Speciation and chromosomal rearrangements in the Australian Morabine Grasshopper Vandiemenella viatica species group

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Copyright: Kawakami, Takeshi
Recent theoretical developments have led to a renewed interest in the potential role of chromosomal rearrangements in speciation. Australian morabine grasshoppers (genus Vandiemenella, viatica species group) provide an excellent study system to test this potential role, because they show extensive chromosomal variation: 12 chromosomal races/species with parapatric distributions. The research in this thesis involves the application of molecular genetic analyses to examine patterns of gene introgression among chromosomal races of Vandiemenella at three different spatial scales: local-scale hybrid zone analysis, island-scale phylogeography, and continental-scale phylogeography. The aims of these multi-scale analyses are to investigate whether chromosomal races represent genetically distinct taxa with limited gene flow, and to infer the historical biogeography of Vandiemenella and evolutionary origins of their parapatric distributions. Karyotype and 11 nuclear markers revealed a remarkably narrow hybrid zone with substantial linkage disequilibrium and strong deficits of heterozygotes between the chromosome races P24(XY) and viatica17 on Kangaroo Island, suggesting that the zone is maintained by a balance between dispersal and selection against hybrids (tension zone). Selection that maintains the stable hybrid zone is unlikely to be operating only on loci linked to rearranged chromosomes. Island-scale and continental-scale phylogeography using multiple nuclear markers indicated that Vandiemenella chromosome races/species generally represent genetically distinct taxa with reduced gene flow between them. In contrast, analyses of a mitochondrial gene showed the presence of distinctive and geographically localised phylogroups that do not correspond with the distribution of the Vandiemenella taxa. These discordant population genetic patterns are likely to result from introgressive hybridization between the taxa and range expansions and contractions. Overall, our molecular analyses favour the allopatric mode of diversification for the evolution of Vandiemenella and do not support the stasipatric speciation model of White (1978). Patterns of genetic differentiation between the chromosomal races analysed at three different spatial scales show dynamic responses of the grasshoppers to past climatic fluctuations, leading to opportunities for long-term isolation and allopatric fixation of new chromosome variants and molecular mutations at many loci. Further analyses are necessary to assess potential roles of chromosomal rearrangements in facilitating diversification in Vandiemenella by reducing recombination within the rearranged chromosome segments.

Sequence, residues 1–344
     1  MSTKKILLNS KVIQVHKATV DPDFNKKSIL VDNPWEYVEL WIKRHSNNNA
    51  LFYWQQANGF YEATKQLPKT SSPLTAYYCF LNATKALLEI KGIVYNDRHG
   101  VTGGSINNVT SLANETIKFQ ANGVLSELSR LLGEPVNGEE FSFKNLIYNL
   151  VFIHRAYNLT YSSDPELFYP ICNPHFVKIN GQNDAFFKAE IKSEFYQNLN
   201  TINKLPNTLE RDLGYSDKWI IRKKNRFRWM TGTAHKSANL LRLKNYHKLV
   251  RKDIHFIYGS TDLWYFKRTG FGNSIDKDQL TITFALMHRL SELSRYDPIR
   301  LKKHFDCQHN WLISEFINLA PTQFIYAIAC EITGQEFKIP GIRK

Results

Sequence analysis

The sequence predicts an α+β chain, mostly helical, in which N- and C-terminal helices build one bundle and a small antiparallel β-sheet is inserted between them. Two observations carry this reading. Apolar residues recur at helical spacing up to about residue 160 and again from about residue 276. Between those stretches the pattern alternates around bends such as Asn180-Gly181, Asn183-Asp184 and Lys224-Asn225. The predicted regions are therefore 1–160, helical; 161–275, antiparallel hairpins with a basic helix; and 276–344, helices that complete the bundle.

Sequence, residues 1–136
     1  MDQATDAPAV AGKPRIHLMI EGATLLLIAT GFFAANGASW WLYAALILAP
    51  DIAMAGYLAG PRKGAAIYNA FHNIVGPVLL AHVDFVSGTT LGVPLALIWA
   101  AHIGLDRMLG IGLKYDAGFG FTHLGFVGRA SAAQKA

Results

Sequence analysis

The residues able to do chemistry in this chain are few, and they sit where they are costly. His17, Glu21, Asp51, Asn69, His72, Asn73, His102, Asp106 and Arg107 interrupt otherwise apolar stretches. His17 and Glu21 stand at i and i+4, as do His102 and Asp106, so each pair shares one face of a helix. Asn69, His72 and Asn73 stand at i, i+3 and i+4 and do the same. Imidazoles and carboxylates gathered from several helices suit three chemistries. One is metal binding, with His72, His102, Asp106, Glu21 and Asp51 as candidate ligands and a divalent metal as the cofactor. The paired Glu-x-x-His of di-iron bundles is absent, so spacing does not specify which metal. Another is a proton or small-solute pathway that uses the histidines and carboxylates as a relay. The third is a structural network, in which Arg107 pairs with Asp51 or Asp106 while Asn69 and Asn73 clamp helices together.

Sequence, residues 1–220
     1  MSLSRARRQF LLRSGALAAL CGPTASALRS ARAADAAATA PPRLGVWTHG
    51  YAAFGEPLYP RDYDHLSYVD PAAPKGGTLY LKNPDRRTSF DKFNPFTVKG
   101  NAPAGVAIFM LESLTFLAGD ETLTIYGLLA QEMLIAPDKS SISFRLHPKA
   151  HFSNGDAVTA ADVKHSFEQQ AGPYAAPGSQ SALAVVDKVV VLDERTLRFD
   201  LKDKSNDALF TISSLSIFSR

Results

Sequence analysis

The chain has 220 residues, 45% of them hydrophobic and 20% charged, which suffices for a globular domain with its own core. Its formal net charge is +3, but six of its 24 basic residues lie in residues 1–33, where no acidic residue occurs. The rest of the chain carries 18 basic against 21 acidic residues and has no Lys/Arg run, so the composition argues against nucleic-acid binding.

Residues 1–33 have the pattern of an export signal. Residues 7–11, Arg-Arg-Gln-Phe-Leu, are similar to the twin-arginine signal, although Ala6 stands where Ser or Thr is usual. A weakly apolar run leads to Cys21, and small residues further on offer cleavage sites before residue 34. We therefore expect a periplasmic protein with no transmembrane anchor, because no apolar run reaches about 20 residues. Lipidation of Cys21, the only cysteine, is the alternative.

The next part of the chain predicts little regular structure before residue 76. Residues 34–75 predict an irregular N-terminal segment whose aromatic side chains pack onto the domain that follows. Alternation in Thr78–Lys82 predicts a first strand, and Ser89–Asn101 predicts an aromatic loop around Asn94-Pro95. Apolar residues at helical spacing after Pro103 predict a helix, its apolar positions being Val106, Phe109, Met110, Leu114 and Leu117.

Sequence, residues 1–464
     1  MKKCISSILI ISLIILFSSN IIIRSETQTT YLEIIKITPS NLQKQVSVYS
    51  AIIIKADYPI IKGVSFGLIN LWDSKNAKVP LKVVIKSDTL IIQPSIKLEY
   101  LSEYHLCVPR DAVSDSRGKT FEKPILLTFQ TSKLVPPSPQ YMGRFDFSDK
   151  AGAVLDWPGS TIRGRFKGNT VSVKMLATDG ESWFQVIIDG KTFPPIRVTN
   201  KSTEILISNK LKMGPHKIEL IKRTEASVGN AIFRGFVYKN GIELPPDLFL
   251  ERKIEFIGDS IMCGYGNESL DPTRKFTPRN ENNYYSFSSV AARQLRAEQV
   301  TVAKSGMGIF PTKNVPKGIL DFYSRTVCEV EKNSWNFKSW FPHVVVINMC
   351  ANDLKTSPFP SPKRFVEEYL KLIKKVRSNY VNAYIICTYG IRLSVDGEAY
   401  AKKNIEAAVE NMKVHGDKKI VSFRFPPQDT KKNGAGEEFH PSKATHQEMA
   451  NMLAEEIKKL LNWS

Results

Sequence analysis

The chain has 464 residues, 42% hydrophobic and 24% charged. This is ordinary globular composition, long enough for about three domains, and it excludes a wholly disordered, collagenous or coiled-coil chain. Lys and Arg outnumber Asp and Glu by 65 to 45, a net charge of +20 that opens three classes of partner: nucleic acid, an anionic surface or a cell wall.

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Kawakami, Takeshi
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PhD Doctorate
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